Church leaders seeking peace on the Korean Peninsula emphasized the need for "repentance and atonement" between North Korea and South Korea.
Clergy and laypeople from South Korea, the United States, Japan and other parts of the world also called for fewer military exercises between South Korea and the U.S. at the first-ever conference on the role of Catholics in building peace on the Korean Peninsula and more broadly in northeast Asia.
The call came just before the U.S. and South Korea opened a massive joint military air exercise Dec. 4.
North Korea and South Korea never signed a peace treaty at the end of the Korean War in 1953 and constant tensions have existed since between the democratic government in the south and the communist regime in the North.
In the past year, North Korea, which takes the position that U.S.-South Korea military exercises pose a threat, tested missiles multiple times. The most recent occurred Nov. 28 and involved an intercontinental ballistic missile that flew higher and farther than others, raising grave concern among North Korea's neighbors and the U.S.
More than 320 symposium participants met in Paju City, South Korea, and heard from bishops whose dioceses border North Korea or are in contested territory as well as other church leaders. Experts on international conflict, peace and disarmament also shared presentations from Catholic perspectives.
Bishop Lee Ki-heon of Uijeongbu, South Korea, located about 20 miles south of the demilitarized zone that divides the peninsula, told the conference that he and representatives of his diocese attended the three-day symposium with "desperate hope" for peace.
"I desperately realize it is repentance and atonement that is needed for reconciliation of the two Koreas, genuine forgiveness and peace," he said in remarks prepared for the conference.
Lee emphasized that repentance and atonement was not simply for what both sides did to cause bloodshed between them, but also that the Catholic Church in Korea needed to repent for "what we did wrong in our ill-fated history."
"We are the proud descendants of martyrs who sacrificed themselves for justice and truth, while we haven't been strong enough to arbitrate (between) the two Koreas in the context of peace within the tragic history of the nation," Lee said. "It's time to reflect on our weak existence."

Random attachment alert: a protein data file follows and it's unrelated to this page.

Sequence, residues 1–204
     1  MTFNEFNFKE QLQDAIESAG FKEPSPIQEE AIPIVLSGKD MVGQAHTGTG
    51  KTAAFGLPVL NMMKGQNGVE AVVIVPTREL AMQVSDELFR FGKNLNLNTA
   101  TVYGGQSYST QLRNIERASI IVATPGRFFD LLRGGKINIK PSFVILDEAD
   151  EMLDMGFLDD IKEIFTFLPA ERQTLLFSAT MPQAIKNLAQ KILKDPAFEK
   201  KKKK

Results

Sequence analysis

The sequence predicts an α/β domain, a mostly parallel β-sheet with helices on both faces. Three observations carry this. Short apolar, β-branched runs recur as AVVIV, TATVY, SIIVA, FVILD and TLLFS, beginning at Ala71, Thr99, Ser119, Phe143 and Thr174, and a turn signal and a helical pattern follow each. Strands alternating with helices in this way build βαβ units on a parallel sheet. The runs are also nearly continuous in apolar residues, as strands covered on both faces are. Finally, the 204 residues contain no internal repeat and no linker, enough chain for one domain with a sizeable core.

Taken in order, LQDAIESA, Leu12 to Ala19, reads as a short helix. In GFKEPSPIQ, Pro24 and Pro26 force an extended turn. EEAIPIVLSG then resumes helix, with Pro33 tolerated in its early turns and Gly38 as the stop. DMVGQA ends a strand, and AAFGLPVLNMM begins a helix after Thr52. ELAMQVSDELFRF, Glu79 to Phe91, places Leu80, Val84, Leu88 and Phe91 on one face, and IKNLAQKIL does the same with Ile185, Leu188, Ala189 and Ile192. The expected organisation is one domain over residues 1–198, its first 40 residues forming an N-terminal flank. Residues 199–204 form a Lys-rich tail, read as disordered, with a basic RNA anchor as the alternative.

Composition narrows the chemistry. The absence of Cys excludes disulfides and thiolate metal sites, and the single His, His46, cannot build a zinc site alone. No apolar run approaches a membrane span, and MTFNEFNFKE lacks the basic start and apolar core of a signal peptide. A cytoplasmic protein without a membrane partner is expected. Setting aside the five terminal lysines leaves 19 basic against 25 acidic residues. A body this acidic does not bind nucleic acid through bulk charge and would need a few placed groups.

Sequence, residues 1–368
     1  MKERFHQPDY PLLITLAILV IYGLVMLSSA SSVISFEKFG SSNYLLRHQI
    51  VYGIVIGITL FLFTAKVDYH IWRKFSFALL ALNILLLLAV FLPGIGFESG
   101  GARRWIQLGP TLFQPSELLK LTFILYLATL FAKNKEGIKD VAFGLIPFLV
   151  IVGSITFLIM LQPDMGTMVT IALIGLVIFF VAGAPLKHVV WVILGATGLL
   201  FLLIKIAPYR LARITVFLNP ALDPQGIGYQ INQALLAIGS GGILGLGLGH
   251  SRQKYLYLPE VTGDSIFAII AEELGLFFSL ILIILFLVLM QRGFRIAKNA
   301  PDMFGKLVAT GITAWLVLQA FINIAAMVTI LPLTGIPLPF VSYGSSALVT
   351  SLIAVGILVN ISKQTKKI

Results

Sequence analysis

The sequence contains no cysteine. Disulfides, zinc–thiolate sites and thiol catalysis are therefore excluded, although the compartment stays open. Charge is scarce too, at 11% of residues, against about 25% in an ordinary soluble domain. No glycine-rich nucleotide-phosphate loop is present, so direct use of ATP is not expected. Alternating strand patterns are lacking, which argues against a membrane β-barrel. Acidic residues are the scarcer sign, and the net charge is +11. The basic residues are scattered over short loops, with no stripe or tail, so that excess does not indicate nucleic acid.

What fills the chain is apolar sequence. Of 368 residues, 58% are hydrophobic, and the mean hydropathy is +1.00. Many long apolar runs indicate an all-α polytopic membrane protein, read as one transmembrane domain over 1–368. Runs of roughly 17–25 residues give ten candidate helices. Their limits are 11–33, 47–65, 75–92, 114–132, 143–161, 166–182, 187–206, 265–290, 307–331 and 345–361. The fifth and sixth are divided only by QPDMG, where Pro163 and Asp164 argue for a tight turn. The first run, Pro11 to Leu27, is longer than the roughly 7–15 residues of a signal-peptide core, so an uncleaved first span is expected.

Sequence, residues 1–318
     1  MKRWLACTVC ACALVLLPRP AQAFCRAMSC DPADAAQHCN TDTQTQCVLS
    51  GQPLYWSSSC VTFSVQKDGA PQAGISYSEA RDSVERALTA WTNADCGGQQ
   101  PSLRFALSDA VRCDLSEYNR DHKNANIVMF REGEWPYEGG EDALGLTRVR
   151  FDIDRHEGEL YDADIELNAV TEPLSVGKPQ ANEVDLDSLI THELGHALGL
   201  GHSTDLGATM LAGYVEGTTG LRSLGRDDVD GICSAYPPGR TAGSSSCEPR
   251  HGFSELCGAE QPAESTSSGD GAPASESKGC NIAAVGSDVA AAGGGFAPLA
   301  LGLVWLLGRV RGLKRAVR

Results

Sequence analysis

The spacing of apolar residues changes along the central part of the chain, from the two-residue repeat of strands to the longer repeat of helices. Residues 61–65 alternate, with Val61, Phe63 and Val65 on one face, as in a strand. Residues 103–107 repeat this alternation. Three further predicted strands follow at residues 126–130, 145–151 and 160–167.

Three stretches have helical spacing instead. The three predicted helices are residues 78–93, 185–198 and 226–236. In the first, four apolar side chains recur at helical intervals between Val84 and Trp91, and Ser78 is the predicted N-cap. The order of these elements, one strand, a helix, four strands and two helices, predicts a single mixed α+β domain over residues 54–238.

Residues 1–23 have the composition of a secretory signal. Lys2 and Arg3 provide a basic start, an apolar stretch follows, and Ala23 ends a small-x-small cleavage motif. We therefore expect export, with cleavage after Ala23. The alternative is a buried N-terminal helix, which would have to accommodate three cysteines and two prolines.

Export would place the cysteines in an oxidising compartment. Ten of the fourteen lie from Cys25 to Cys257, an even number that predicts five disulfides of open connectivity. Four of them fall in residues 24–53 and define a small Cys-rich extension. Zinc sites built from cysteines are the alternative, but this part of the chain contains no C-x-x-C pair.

The prelate said that after Japanese colonization of the peninsula from 1910 to 1945, the church was concerned with being able to practice its faith freely to the exclusion of looking beyond to the civil war that divided the country.
Today, he said, the conflict between both sides had serious geopolitical implications, with the two Koreas caught between China and the U.S. as both countries jockey for world power.
He also warned of Japan's territorial disputes with China creeping into Korean waters.
As part of the conference, participants visited the demilitarized zone, a 2.5-mile wide, 160-mile stretch of neutral ground bisecting the peninsula.
Bishop Robert McElroy of San Diego joined the trip to the DMZ. He also spoke during the symposium, hosted by the South Korea-based Catholic Institute of Northeast Asia Peace.
"It was sad and discouraging to see the depth of structural alienation between South and North Korea, which the DMZ embodies," McElroy said in an email to Catholic News Service.
The bishop said tensions over the recent escape into South Korea of a North Korean soldier, who was shot multiple times by the northern military, were still palpable at the border.
Symposium participants felt that the confrontation between the two sides could be addressed peacefully, he said, but that both South Korea and the U.S. need to refrain from taking military action against North Korea. He stressed that all parties must work to lessen nuclear proliferation and that the focus should be on the Korean people, not outside nations.
He added that there was "great desire to begin new initiatives to foster unification," including designing and implementing a comprehensive strategy to build bridges between societies in the two countries.
In his presentation, McElroy said that Catholic teaching has not supported the increasingly hawkish position of the U.S. toward the North Korean nuclear threat.
"The voice of the church in the United States must continually bring to American society the recognition that national interest cannot morally violate the international common good ... that the world must move toward a stabilizing, progressive nuclear disarmament," he said.